– In his feature debut, Shane Atkinson lets some small-town folk attempt to escape their dreary, dead-end existences
John Magaro (left) and Steve Zahn in LaRoy
Challenging the status quo and messing with life can either take you to new heights or bring the whole house crashing down. In LaRoy, US director Shane Atkinson’s feature debut after a series of shorts, a group of small-town citizens bite off more than they can chew, as a murder and a pile of stolen money turn their sleepy world upside down.
With its world premiere having taken place back in June at the Tribeca Film Festival, LaRoy is now showing at the 61st Viennale. Opening with banjo- and guitar-heavy country music, the film leads us into the backcountry of Texas, to a town with which the movie shares its name. Here, it’s more dusty streets than big-city lights. The heart of the town is a shabby bar and diner, where self-proclaimed cowboys with broad-brimmed hats and tight boots nurse a beer or a coffee, unwilling to escape the perpetual absence of economic prospects in rural USA.
One such citizen, a sensitive loner who works in a hardware store and whom many, amongst them himself, would call a pushover, is Ray Repsen (John Magaro). Stumbling along in blissful ignorance, he joins wannabe detective Skip (Steve Zahn) for a quick bite, where the latter drops a bombshell on him. His wife, former beauty queen Stacy Lynn (Megan Stevenson), is cheating on him. Ray, already fed up with the unfulfilling job that he shares with his arrogant brother Junior (Matthew Del Negro) and now emasculated by this information, decides enough is enough and sets out to kill himself.
But before he can pull the trigger in an empty parking lot, a stranger enters the car with a doggy bag full of money and a job for him. He has to kill the lawyer James Barlow. Ray, desperate to prove that he is not a pushover, takes the job. And with a bit of dumb luck and a messy clean-up operation, he succeeds. But this is only the start of the problems. This was never his job to begin with. The actual designated killer, Harry (Dylan Baker), has come to town, and he wants to be compensated for his efforts, all in vain. And then there is the issue of the money: $250,000 are missing from Barlow’s safe, and everybody is out to find them.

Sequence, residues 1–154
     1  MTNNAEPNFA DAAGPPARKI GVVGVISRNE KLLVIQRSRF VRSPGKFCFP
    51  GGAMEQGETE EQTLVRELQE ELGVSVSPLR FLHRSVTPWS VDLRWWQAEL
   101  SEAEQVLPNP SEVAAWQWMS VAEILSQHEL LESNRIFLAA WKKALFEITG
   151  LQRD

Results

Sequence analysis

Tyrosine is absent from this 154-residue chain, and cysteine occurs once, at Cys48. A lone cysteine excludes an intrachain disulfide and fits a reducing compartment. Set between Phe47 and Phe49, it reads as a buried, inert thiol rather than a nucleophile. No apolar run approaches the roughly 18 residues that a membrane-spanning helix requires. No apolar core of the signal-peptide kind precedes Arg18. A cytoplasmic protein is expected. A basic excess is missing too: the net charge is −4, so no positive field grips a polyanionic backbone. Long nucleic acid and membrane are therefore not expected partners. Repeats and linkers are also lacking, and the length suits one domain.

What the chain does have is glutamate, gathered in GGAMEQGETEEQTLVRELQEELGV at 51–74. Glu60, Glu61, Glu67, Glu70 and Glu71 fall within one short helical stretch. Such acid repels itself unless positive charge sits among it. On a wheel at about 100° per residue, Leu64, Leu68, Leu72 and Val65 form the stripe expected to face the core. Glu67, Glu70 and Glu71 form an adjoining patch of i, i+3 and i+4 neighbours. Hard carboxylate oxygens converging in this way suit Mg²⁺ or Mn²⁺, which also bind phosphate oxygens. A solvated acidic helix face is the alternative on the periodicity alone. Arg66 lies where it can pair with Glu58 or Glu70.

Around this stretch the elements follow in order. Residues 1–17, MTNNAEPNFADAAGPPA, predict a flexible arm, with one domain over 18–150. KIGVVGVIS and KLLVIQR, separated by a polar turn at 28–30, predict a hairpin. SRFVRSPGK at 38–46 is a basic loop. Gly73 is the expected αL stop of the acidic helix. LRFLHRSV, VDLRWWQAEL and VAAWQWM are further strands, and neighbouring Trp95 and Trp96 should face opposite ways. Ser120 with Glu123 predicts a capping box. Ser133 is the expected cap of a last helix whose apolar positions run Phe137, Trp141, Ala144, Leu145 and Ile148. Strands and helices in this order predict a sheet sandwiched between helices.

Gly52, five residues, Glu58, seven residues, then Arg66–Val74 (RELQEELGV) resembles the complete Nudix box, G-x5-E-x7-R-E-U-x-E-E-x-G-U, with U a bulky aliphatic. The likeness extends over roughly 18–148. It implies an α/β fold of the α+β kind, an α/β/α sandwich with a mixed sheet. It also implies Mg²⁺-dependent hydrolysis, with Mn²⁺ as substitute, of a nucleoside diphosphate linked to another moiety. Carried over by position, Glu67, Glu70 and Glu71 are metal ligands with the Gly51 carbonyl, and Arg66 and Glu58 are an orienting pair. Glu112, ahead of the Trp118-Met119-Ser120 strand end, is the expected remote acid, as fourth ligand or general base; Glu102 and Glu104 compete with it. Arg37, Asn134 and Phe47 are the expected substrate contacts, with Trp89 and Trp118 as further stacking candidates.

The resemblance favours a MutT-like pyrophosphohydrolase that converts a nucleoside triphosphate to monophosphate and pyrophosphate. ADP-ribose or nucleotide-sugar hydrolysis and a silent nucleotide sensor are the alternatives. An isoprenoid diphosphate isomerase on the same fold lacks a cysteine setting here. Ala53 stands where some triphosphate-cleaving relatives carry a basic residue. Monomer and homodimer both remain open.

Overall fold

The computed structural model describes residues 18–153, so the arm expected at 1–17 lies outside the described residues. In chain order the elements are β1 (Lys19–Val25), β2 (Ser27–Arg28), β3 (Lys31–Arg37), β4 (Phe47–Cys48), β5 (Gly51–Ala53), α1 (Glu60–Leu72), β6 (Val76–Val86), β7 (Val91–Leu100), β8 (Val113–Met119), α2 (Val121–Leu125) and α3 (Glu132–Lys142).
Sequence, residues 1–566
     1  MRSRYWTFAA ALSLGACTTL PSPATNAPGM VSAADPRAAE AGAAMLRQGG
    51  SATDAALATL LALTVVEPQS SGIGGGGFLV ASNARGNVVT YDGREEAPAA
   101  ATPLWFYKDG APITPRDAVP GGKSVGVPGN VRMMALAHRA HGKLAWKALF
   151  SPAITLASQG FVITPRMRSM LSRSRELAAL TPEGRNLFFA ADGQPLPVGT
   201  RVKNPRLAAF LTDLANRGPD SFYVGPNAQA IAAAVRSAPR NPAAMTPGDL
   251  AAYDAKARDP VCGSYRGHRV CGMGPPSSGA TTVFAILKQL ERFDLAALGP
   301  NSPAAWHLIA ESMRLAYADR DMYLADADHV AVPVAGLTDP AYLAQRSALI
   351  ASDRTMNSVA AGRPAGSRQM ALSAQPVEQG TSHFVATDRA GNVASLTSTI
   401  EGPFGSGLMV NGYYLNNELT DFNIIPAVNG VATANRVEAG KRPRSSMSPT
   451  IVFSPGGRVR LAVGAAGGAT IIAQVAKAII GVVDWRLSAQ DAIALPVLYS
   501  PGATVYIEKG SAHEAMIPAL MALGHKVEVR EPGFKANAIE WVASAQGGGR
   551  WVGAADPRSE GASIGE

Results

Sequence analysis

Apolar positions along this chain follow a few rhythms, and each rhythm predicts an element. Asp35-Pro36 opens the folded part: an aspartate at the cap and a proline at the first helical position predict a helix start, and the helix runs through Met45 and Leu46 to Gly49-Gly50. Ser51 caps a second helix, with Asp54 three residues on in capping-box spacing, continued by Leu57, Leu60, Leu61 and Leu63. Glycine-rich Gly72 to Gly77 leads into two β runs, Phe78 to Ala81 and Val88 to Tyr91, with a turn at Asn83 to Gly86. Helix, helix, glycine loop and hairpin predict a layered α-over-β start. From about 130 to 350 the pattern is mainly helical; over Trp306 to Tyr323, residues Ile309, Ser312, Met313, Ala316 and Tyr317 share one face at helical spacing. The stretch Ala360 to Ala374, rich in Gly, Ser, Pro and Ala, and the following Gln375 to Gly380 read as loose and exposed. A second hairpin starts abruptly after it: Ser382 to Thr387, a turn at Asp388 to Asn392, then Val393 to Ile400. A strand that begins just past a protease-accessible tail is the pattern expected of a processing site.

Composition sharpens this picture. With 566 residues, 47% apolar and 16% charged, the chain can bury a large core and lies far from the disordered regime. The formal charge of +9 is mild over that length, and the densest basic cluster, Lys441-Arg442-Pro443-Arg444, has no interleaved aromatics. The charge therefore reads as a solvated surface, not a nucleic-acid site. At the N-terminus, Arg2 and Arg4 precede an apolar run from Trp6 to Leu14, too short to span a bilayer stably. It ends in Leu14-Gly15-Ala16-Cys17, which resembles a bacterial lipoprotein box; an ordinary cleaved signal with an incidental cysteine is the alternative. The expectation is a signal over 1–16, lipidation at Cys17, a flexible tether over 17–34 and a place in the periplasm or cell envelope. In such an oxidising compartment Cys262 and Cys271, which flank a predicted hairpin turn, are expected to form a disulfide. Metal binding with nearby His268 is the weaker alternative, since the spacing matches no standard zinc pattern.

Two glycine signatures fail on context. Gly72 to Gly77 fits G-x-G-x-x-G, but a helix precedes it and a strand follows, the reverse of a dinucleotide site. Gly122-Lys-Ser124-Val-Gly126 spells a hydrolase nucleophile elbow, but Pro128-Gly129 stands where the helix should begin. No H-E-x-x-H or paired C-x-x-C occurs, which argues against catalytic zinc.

Along the way as we navigate this eventful riddle, there’s an abundance of misunderstandings, fragile male egos and bleeding corpses. Atkinson never overloads this pitch-black comedy with dreary notes or gritty realism. LaRoy is bathed in warm, sunny yellows, in country music tunes and friendly grins plastered across the faces of the citizens of what seems like a dreamy town where one can unwind. But it is a town in which a woman like Stacy Lynn has already peaked as a beauty queen and has since fallen into oblivion. It’s a place where someone like Ray usually accepts his lot of being a reliable, unrespectable nobody, and where guys like Junior always know how to play the system.
When these notions are challenged and the dice of destiny are thrown again, a chain reaction of catastrophes and other events is triggered. Some of them are laugh-out-loud funny, such as when Skip and Ray try to interrogate a work colleague of Barlow’s. Some of them are touching, such as when the tough-as-nails Harry tells a waitress that she does not have to take up with some guys harassing her while she works. “If we want people to respect us, we need to give them a reason.” Getting respect, and turning the tables on the lack of prospects, might be a noble cause. But as Atkinson shows with lots of heart and subtle humour, the dream of making it big and further cementing some kind of masculine raison d’être can only backfire in a country like this, unprepared as it is to deal with its underbelly.